All Posts Tagged With: "women’s studies"
Emma Teitel on the Janice Fiamengo affair
Read more from Emma Teitel on Macleans.ca.
Nothing says free speech like pulling the fire alarm. It was a quarter past seven last night when police emptied U of T’s George Ignatieff Theatre. Keynote speaker Dr. Janice Fiamengo, an English professor at the University of Ottawa, rolled her eyes and adjusted her blouse as the crowd poured out of the building and onto the sidewalk to mingle with the small throng of protesters—pretty girls with big placards and little patience. They wanted Dr. Fiamengo to take her message elsewhere. But firemen came and went, and the professor, once a radical feminist, proceeded to do what the University of Toronto Men’s Issues Awareness Society, and the Canadian Association for Equality invited her to do: denounce women’s studies.
The discipline has devolved into an “intellectually incoherent and dishonest” one, she argued, replacing a “callow set of slogans for real thought.” It’s man-hating, anti-Western, and fundamentally illiberal. “It champions a “kind of masculinity that isn’t very masculine at all,” and shuts down freedom of debate, hence the fire alarm.
This message was quite pleasing to the minority in the room—greying baby boomers of the pro-Fiamengo, Men’s rights camp–and exceedingly distressing to the majority—by the looks of it, gender studies majors and people who would, if given the opportunity, personally execute Rob Ford. It looked like a small contingent of CARP wandered, bemused, into a Bon Iver concert.
Appearances aside though, it was a meeting of truly lunatic minds.
A few placards, a full house and a long line to speak
Janice Fiamengo, a professor who advocates for men’s rights, gave a lecture at the University of Toronto on Thursday evening entitled What’s wrong with Women’s Studies? Naturally, there were dozens of protesters, a few police, and a fire alarm set off, but free speech prevailed, her lecture was given and her opponents were able to challenge her afterward. Here’s what it looked like.
Movember hate, law school admissions & Guelph’s Ti-Cats
1. Every year some student decides to hate on Movember, the mustache-growing prostate cancer fundraiser. This year it’s Hector Villeda-Martinez, a women’s studies major at Concordia University. “Movember is a celebration of hegemonic, patriarchal, heterosexist masculinities,” he writes. “When was the last time, for example that Movember made outreach to transwomen?”
2. Students are getting the message that law school is no longer a route to a guaranteed job. In October 2012, 16.4 per cent fewer students took the Law School Admission Test than in October 2011. That’s following a 16.9 percent drop last October. The overall numbers of test takers is at a 10-year low. For those planning to apply to law school, the lighter competition is probably welcome.
3. The Hamilton Tiger-Cats will play most or all of their 2013 home games at the University of Guelph, reports the Spectator. Guelph’s stadium recently underwent a $4.5-million renovation.
Texas tuition freeze, a stabbing & mandatory women’s studies
1. Two people were stabbed during a fight at a house party near McMaster University early on Sunday. This isn’t the first stabbing at a house party near McMaster. Many of the people in attendance were from out of town, police say.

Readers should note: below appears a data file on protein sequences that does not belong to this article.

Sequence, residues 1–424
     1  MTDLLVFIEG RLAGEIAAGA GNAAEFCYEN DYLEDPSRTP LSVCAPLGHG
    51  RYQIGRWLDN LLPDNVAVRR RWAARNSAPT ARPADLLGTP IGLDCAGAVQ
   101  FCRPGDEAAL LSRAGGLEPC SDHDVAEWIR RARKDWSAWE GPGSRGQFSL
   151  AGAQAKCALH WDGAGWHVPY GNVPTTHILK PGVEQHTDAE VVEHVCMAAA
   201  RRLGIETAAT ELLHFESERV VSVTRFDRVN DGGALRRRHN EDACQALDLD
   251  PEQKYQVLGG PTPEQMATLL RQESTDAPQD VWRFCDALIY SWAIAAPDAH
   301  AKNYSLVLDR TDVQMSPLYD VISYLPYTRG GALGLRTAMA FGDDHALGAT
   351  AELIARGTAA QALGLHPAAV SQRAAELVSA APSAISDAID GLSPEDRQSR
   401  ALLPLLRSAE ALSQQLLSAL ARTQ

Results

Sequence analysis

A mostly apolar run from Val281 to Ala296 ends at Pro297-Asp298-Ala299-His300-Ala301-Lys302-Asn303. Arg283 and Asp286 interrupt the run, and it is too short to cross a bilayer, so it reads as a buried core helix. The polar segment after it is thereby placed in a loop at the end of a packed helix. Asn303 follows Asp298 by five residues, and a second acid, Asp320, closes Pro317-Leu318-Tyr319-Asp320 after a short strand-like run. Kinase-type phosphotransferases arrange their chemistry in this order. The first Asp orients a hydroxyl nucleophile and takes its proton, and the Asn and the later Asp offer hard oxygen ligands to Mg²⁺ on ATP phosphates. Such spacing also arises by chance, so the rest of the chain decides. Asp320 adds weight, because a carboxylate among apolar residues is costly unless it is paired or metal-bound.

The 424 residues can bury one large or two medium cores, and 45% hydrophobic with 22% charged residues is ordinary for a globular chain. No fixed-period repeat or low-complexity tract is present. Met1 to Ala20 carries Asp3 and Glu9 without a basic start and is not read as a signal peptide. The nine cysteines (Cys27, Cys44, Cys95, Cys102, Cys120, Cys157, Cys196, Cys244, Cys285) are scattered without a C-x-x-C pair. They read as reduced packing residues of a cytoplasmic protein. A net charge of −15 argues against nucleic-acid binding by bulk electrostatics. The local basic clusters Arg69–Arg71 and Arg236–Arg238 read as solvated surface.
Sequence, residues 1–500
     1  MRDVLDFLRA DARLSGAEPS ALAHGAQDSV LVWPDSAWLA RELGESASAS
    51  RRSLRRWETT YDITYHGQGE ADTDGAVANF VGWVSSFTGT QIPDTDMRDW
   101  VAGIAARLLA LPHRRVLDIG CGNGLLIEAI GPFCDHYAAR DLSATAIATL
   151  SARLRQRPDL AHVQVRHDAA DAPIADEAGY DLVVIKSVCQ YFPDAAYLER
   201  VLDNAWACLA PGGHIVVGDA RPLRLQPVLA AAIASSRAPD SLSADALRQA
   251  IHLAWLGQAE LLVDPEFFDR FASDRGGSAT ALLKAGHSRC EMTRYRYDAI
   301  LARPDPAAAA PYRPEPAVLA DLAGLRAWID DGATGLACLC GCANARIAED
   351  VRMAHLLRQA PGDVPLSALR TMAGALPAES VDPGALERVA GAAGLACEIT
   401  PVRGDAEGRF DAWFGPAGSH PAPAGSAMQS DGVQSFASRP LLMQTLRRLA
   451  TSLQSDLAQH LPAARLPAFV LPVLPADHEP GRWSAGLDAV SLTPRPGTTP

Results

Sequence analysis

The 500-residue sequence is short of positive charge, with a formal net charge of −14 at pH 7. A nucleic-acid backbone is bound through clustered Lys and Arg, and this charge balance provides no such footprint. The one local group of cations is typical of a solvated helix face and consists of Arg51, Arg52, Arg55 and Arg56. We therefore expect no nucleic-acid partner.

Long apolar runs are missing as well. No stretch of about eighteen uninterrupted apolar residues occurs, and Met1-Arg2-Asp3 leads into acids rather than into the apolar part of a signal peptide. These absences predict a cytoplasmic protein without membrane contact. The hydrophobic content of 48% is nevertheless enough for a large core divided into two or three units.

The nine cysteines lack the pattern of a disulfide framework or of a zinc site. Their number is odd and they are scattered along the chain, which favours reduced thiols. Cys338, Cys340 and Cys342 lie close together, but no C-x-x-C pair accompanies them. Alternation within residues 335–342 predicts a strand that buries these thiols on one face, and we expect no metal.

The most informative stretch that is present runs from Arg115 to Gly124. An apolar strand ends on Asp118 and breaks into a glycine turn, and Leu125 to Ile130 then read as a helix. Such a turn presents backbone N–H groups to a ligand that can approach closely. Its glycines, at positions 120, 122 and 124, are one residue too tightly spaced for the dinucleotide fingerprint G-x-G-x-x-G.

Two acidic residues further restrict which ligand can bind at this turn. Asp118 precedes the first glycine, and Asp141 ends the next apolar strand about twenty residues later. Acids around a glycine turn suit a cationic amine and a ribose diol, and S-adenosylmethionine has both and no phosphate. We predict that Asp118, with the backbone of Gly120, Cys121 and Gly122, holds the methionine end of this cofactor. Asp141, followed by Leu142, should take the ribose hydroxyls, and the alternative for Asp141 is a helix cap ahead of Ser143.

2. Rick Perry, the conservative Texas governor who ran for the Republican presidential nomination, has endorsed a four-year tuition freeze at state colleges and universities. Anti-tuition advocates usually have more success with left-wing parties, but this statement won’t surprise anyone who has heard of Perry’s push to create a $10,000 degree in the Lonestar State.
3. The York Federation of Students is pushing for “a mandatory equity or women’s studies course to help students gain awareness of the root causes behind sexual assaults and violence.” A professor in York’s the School of Gender, Sexuality, and Women’s Studies says it may not be the best idea and that there is no guarantee such a course would actually reduce sexual assaults.
Simon Fraser students debate gender-exclusive spaces
Keenan Midgley played basketball, soccer, baseball and football. But it isn’t his athletic skill that has made him well-known on campus in Burnaby, B.C. It’s the budget he’s written as treasurer of the Simon Fraser Student Society.
The fifth-year accounting student added funding that will carve out a special space on campus for guys. The men’s centre, assuming the budget passes a final vote, will get $30,000 next year. That’s the same amount that the women’s centre, started in 1974, will receive.
The pending creation of the men-only space is the source of much discussion at Simon Fraser University. Since the news broke in April, many students have questioned whether the men deserve funding. Along with that, a debate has emerged over whether women—who make up 55 per cent of undergraduate students at SFU—still need their own women-only space.
Now: Gender Studies
Memorial University’s Department of Women’s Studies will officially become the Department of Gender Studies on Aug. 31. Katherine Side, the department head, told today.mun.ca that the name change, which has been discussed since 2005, better reflects the diverse work the department already does. “We are pleased to join 28 other Canadian universities that include gender in one form or another in their undergraduate and graduate degree program titles,” she added.